waxman_nymag_1982.jpgWow, so I'm just throwing Jasper Johns' name into the archives of New York Magazine, and up pops this wild story from 1982 about Frank Waxman, a Philadelphia doctor who amassed a blue chip collection of tiny artworks by stealing them from galleries.

He was on the Friends of the Philadelphia Museum committee, hosted collection visits, and basically stole 170 artworks in four cities before he was caught.

Waxman got a Johns Flashlight sculpture from Irving Blum's desk in SoHo; a couple of Joseph Cornell boxes; an Agnes Martin from Robert Elkon Gallery; here's Herbert Palmer's 2004 account of having a Picasso bronze stolen from his Los Angeles gallery:

MR. PALMER: And one Christmas, I left a few days early to go skiing. And I get a phone call from the young lady who was working here then; she said, Mr. Palmer, did you put the Picasso away for safekeeping? I said, I don't think so. She says, well, it isn't there.

DR. EHRLICH: [Laughs] Oops.

MR. PALMER: I said, do you think someone might have taken it? She says, no the case is screwed down. I [She] went back there and after 10 minutes on the telephone, she comes back; the screws are not in the case. She says, I know who took it. I said, do you know his name? She said, no. The man with the trench coat, he came in twice. Once he came in, and he looked around. The second time he came in, he asked me to show him a picture, and I had to go to the back of the gallery to get the picture.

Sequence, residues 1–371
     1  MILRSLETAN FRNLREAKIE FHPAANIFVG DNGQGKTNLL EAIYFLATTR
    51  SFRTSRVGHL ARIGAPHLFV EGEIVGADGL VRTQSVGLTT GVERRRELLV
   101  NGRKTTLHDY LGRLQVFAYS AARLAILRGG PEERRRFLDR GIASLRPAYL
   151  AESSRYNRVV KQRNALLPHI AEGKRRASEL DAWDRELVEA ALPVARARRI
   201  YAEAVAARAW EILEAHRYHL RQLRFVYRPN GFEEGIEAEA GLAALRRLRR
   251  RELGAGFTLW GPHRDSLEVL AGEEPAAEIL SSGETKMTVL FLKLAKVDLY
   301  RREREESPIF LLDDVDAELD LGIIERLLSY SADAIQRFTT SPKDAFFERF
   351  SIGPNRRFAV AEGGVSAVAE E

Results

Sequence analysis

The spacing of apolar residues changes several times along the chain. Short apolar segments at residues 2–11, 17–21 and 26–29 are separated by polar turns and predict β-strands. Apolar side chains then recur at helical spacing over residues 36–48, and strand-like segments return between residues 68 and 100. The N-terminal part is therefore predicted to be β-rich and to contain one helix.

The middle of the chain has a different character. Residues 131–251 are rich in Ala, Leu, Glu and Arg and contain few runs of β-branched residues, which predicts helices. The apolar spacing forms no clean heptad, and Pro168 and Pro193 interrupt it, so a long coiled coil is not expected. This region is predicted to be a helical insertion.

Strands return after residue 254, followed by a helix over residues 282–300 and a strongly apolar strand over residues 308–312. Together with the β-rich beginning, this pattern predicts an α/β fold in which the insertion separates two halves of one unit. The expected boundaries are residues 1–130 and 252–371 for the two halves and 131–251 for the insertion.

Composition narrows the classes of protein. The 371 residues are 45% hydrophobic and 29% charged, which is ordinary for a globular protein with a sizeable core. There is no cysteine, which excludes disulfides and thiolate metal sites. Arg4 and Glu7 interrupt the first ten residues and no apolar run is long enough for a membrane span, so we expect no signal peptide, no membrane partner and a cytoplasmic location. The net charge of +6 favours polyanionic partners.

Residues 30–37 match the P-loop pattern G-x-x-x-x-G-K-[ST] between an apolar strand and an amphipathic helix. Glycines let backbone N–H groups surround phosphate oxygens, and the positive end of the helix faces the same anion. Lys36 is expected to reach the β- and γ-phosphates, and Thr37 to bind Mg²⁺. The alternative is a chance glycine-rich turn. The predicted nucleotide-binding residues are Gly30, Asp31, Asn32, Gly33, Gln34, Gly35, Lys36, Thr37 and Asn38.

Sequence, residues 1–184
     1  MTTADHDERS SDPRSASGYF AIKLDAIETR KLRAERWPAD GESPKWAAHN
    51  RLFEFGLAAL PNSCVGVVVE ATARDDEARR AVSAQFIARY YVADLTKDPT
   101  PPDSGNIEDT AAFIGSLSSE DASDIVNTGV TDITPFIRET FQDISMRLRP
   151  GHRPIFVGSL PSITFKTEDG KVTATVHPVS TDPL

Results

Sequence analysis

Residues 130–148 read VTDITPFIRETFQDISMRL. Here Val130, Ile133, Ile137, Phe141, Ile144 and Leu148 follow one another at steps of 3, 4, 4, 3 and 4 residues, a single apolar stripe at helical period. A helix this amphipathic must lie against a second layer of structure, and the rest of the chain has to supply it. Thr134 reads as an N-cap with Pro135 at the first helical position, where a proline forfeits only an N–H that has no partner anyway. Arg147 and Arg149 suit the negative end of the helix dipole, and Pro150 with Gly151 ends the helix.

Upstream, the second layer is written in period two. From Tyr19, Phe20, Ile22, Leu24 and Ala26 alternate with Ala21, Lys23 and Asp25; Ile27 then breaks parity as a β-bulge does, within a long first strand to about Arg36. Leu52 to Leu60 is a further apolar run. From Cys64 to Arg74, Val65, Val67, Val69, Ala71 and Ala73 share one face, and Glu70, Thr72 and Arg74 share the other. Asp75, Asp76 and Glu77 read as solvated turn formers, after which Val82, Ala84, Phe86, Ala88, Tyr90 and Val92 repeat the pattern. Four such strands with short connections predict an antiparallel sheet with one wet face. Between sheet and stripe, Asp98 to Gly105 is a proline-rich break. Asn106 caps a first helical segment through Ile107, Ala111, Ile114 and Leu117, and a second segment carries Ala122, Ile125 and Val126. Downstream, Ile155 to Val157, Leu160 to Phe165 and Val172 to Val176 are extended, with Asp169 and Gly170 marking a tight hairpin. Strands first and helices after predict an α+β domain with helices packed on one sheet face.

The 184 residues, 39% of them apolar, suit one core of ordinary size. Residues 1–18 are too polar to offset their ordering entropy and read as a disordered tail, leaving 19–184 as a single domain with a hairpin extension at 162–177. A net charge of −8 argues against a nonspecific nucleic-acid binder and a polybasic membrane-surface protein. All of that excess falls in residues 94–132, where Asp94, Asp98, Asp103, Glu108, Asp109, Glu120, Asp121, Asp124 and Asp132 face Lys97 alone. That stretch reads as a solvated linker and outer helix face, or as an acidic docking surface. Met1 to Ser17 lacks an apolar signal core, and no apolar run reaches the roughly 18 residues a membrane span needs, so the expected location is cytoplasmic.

MR. PALMER: And at that time, he took the Picasso and slipped it into his coat, which was designed specifically for stealing small sculpture. It had big pockets.


MR. PALMER: Big, padded pockets. She says, he took it. I said, you have no clue as to his name or anything? No. I said, call the insurance company, call the police, and don't you leave - Christmas Eve - don't you leave until the police come. They came and they wrote it up - you know, the paperwork.

While they're writing up my case, the police get a phone call. A woman is screaming. He took my Rodin, she said; some crazy woman is yelling, hey, somebody took her Rodin. I said, I know who it is. If you're quick, you can catch him. It was Feingarten, Mrs. Feingarten. She had a gallery on Melrose, and this guy - same guy who stole from me, went down there and did the same thing - sent her to the back; while she was in the back, he took this Rodin hand she had, and put it in his coat, and walked out with - and she saw him do it. And she screamed at him, put that down. He said, don't come close - threatened her, so she didn't; she called the police.

And she said, wait a minute - I have a clue. He left a phone number, because it was Saturday, and I had to open the gallery for him out of hours.

Cops finally cracked the caper, Waxman was eventually arrested, got the psychiatric help he needed, all the artwork was returned, and now people get to tell fun stories about how their stolen Picasso was on the cover of New York magazine. It's win-win. The only loser here--since Waxman didn't get started until the late 1970s, and was thus too young to have been involved in the Johns Flag caper--is me.

Oral history interview with Herbert Palmer, 2004 Dec. 6-22 []

Since 2001 here at, I've been blogging about the creative process—my own and those of people who interest me. That mostly involves filmmaking, art, writing, research, and the making thereof.

Many thanks to the Creative Capital | Warhol Foundation Arts Writers Program for supporting that time.

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first published: February 17, 2011.

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